We have opened 46 new attendance centres, including 15 senior centres.
We have announced our proposals for legislation to create a prosecution service independent of the police.
We have announced our intention of ratifying the United Nations Convention on Psychotropic Substances 1971 and of bringing barbituates within the scope of the Misuse of Drugs Act 1971. We have also made clear our determination to find more effective ways of depriving drug traffickers of the proceeds of their crimes and have announced our intention to introduce legislation in this Parliament to provide for the confiscation of the proceeds of crime.
We have enabled local authorities to control the spread of sex shops and sex cinemas. We have given assistance with measures designed to restrict indecent displays, extend licensing controls to commercial cinema clubs, and to fulfil the manifesto pledge to establish a system of classification for video recordings which will deal with the problem of "video nastier".
We have strenghthened and clarified the powers of the courts to make compensation orders. We have revised the criminal injuries compensation scheme and have given financial support to the National Association of Victim Support Schemes.
We have improved management and operational efficiency in the prison department by, for example, introducing new systems of operational assessments and financial costing.
We have increased the number of serving prison officers from about 15,700 in 1979 to about 18,000. We have also made plans to increase the number further to 23,100 by March 1988.
We have begun and accelerated a major programme of prison building and refurbishment. Fourteen new establishments are currently under construction or in design. With an increased programme of maintenance and refurbishment, and better use of accommodation, we have provided more than 2,000 additional places over the last three years.481W
We have restructured the young offender custodial system in accordance with the provisions of the Criminal Justice Act 1982.
We have maintained firm, fair immigration control on the basis of the comprehensive revision of the immigration rules completed in 1980. The number of immigrants accepted for settlement has fallen and in 1983 was lower than in any year since immigration control was imposed on Commonwealth citizens in 1962. The British Nationality Act 1981 has brought nationality law up to date and defined for the first time who belong to this country and as British citizens are exempt from immigration control. We have continued our efforts to promote good community relations and to create a society in which individuals can share equal opportunities, rights and responsibilities.
In accordance with the provisions of the Broadcasting Act 1981, a fourth television channel has been established and new arrangements made for Welsh broadcasting. The Government set out in a White Paper their plans for a framework for the development of cable systems, providing both entertainment and other (including interactive) services; legislation to give effect to this framework, including the establishment of a Cable Authority, is now before Parliament. Meanwhile 11 cable pilot projects have been selected for early licensing, and approval has been given for existing cable systems to be used to distribute new programming. Plans for direct broadcasting by satellite are being carried forward, and the legislation before Parliament includes relevant provisions. Local radio continues to expand, and proposals for an independent national radio service are being developed.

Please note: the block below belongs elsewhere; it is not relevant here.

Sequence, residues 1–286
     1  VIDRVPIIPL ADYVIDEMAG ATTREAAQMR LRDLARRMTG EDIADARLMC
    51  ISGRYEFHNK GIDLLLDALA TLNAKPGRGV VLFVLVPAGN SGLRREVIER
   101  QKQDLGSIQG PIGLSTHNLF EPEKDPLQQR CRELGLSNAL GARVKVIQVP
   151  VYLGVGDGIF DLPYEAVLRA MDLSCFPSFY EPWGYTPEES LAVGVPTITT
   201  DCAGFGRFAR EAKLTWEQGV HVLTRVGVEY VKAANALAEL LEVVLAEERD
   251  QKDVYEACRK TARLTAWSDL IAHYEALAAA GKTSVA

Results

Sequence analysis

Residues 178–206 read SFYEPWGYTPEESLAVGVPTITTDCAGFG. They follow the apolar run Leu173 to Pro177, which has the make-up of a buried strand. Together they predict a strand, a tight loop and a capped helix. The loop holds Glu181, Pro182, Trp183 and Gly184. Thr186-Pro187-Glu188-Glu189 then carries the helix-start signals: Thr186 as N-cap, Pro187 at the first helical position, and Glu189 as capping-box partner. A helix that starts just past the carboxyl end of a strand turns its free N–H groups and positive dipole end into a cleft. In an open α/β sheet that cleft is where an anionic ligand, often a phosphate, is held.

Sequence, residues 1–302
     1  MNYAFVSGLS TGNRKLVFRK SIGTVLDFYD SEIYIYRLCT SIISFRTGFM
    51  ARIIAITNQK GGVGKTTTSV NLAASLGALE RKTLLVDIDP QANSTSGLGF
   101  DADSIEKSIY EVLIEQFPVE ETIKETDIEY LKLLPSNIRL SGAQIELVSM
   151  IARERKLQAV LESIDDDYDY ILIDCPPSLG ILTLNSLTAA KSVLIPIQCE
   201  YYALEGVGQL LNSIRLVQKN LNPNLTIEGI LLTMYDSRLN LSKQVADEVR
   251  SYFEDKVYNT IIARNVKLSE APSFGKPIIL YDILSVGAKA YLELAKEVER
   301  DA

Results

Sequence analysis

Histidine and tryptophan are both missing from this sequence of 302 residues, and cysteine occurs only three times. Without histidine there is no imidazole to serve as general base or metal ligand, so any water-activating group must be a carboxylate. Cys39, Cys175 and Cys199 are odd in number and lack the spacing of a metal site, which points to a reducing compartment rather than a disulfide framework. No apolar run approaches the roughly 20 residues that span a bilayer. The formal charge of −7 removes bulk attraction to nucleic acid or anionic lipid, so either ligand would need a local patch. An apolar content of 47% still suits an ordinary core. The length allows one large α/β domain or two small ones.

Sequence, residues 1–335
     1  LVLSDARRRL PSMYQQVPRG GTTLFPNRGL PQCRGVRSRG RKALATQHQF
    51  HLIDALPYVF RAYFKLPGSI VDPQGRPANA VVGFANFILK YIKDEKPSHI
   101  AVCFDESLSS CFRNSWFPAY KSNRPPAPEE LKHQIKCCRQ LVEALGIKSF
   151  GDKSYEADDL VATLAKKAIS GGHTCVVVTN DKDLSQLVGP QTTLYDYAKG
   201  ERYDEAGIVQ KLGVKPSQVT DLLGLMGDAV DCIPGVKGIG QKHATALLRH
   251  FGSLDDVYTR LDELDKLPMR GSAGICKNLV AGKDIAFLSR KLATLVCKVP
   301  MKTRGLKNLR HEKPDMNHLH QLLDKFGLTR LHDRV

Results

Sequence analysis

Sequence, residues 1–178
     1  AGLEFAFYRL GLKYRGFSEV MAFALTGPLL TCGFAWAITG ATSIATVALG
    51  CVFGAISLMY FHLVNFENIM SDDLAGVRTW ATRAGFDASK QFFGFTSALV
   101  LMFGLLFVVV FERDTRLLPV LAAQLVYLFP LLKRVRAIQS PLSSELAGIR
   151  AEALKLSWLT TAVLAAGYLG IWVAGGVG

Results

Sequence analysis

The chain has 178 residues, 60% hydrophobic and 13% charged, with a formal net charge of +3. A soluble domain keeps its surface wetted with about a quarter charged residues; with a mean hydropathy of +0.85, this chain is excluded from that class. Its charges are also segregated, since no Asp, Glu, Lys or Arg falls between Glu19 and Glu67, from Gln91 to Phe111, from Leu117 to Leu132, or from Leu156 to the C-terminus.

The Data Protection Bill, which will shortly complete its passage through Parliament, will enable the United Kingdom to ratify the Council of Europe Convention on this matter.
We have reviewed our civil defence preparations, increased the resources available for them and brought into operation new regulations requiring local authorities to play their full part in civil defence planning.
We announced in January 1984, in reply to a report from the Home Affairs Committee (Cmnd. 9140), that we proposed to introduce a major Representation of the People Bill at the earliest possible opportunity. This will, amongst other things, extend absent voting rights to holidaymakers and to many British citizens abroad.
We issued, in May 1983, a White Paper on Scientific Procedures on Living Animals (Cmnd. 8883), which set out proposals for major new legislation in this field. These proposals would modernise and extend the law so as to provide more effective protection for animals used for the purpose of scientific research.
A committee of inquiry has been set up to consider proposal to amend the Shops Acts and will report shortly.
We have introduced a system of annual performance reviews which ensures that each part of the Home Office has an agreed programme of work and objectives to enable the Department's strategic aims to be achieved.